Birdwatching is an excellent outdoor winter activity. There are more winter birds in Iowa than you might think! Whether you attract them with a birdfeeder or take a hike to spot them, winter is an excellent time for birdwatching in Iowa.
Many species seen during the warmer months move south for the winter. But for some birds, Iowa is south of their summer homes.
Also, around 20% of Iowa birds overwinter here.1 Birds that eat seeds, dormant insects, and small mammals can tolerate Iowa winters. They use layers of feathers for warmth and eat as much as possible for survival.
Iowa Winter Bird Watching
In an Iowa winter, you can spot songbirds, jays and crows, owls, woodpeckers, birds of prey, and upland fowl. Even some species that sometimes migrate south in winter occasionally overwinter in Iowa.
Birds that overwinter in Iowa look a bit different than they did in the summer. Birds shed old feathers and replace them with new ones (called molting), often before the cold moves in. For example, the Goldfinch looks more green than gold in the winter!
What to bring
Here are some suggestions for things to bring on your winter birdwatching excursions!
Binoculars! Many birds will fly away if you get too close. It’s much easier to see and identify birds with binoculars.
Field Guide or app. The best time to identify a bird is when you see it. I don’t know about you, but I can try to remember bird markings. But I usually don’t remember enough to make a definite ID. Carrying a field guide, or using an app, solves this problem.
Warm layers and good shoes. A base, insulating, and protective layer will help you stay dry and warm (don’t forget a hat and gloves). Add in a pair of waterproof shoes with good traction, and you’re ready to go!
What to look for: Common Iowa winter birds
Where to see Iowa winter birds
Where can you see these birds? Well, that depends on the type of birds you want to see.
Many winter songbirds like the protection they get from brushy areas and conifers. And they feed on seeds, nuts, and berries. So, you’ll see the most variety on a hike in the woods!
To spot turkey, hawks, and owls, open fields surrounded by wooded areas are ideal. So, prairies, farm fields, and clearings in the woodlands are great places to look.
Makoke Trail is a birding trail in Central Iowa that highlights the best places to birdwatch within 30 miles of Des Moines. See this PDF from the Iowa Ornithologists’ Union for more on the Makoke Trail and birds to look for in each area.
Viewing Bald Eagles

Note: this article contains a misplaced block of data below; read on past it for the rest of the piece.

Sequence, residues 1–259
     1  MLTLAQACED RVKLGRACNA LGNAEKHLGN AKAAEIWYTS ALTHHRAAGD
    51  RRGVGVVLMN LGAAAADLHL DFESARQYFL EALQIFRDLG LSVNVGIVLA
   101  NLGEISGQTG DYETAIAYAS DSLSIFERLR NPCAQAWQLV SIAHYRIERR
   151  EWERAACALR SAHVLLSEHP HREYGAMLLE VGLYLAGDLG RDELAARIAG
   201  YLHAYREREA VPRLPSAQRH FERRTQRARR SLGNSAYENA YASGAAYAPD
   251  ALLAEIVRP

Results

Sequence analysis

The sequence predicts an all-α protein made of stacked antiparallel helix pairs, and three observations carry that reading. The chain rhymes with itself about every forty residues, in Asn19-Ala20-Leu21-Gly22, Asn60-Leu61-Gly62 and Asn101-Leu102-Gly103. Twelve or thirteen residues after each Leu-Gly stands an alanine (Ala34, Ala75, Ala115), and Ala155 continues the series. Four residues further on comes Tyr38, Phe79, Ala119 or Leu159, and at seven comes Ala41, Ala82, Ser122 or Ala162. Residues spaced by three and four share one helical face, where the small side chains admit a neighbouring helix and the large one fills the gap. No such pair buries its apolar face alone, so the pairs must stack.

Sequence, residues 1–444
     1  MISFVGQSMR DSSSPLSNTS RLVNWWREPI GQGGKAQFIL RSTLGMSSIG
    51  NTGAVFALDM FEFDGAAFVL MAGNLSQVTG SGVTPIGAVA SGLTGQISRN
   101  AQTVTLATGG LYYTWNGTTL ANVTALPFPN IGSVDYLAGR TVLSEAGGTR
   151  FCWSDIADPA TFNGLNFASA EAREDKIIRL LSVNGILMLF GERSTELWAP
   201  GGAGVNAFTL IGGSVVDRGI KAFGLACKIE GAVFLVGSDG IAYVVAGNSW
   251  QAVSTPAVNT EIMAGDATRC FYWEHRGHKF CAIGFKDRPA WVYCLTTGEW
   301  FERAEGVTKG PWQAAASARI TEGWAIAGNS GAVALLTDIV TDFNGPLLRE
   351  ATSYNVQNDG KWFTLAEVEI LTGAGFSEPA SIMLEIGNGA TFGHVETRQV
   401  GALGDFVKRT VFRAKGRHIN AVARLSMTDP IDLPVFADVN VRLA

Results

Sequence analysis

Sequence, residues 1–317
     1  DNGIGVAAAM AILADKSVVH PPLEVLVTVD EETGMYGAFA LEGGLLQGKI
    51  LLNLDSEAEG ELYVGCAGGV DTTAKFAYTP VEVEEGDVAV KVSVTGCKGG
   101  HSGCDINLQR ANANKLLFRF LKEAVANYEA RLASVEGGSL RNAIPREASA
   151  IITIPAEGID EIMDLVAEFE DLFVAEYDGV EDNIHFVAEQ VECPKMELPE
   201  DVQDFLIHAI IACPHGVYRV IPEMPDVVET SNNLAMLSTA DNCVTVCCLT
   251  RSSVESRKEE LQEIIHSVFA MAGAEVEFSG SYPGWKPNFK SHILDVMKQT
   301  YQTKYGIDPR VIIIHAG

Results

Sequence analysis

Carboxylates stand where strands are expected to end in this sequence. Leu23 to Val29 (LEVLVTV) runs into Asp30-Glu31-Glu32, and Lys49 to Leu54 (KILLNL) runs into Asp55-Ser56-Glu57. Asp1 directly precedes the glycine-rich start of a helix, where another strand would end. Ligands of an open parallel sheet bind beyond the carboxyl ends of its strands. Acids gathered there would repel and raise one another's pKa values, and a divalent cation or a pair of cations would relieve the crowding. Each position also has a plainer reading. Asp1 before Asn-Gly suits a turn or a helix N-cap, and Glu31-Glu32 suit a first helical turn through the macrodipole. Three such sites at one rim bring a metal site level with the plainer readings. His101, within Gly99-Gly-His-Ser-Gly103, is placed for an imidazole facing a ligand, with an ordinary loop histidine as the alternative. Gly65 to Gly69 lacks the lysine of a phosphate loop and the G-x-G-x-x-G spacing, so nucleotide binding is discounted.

Bald Eagles are easy to spot around Iowa rivers, especially where the water isn’t frozen (like below dams). They’re enjoyable to watch in the winter, as they use their talons to grab fish from the openings in the ice. For more on watching Bald Eagles in Iowa, see the Iowa DNR Bald Eagle page.
Locally, you can spot Bald Eagles along the Des Moines River in downtown Des Moines! And Des Moines Parks and Rec sometimes host pop-up events for watching the bald eagles. You can also check out Saylorville Lake.
Red Rock Reservoir is another popular place to see eagles not far from Des Moines. Also, many bald eagles live along the Mississippi River – Lock & Dam 19 in Keokuk, Pikes Peak, and the Davenport/Bettendorf area have good viewing opportunities.
Birds will go where there is food, water, and shelter. If you provide this, they will come! So if you don’t want to leave the warmth and comfort of your home, birdfeeders are the answer. Since birds feed continuously in winter, you can easily attract them to feeders. You’ll often see chickadees, nuthatches, finches, sparrows, and woodpeckers at feeders.
For more variety, offer different types of seeds and nuts in your feeders. But if you want to stick with one kind of seed, the Iowa Association of Naturalists recommends black sunflower. It’s cheap and enjoyed by several species of winter birds.
Signs of spring
In February, listen for the hooo-hooo of the Great Horned owls, the Cardinals’ song, and pigeons coo. These signal the coming of spring. Killdeer and geese begin coming back to Iowa. And in March, sparrows and other Eastern Phoebes make their appearance. From then on, a steady migration of all the warm-weather species move back. These are the welcome sounds and sites of warmer months to come.
Learn more about winter bird watching in Iowa
Below are some excellent resources for you to learn more about winter birding. Of course, one way to know where to see those rare winter birds is to find out where other birders are spotting them. The Iowa Ornithologists’ Union is an excellent resource for just that. Enjoy!
- Birds of Iowa: Winter from the Bird Watcher’s Digest
- Iowa Winter Birds from the Iowa Association of Naturalists
- The Ultimate Guide to Winter Bird Watching in Iowa from the Iowa Natural Heritage Foundation
1. Winter Birds of Iowa. University of Iowa Museum of Natural History.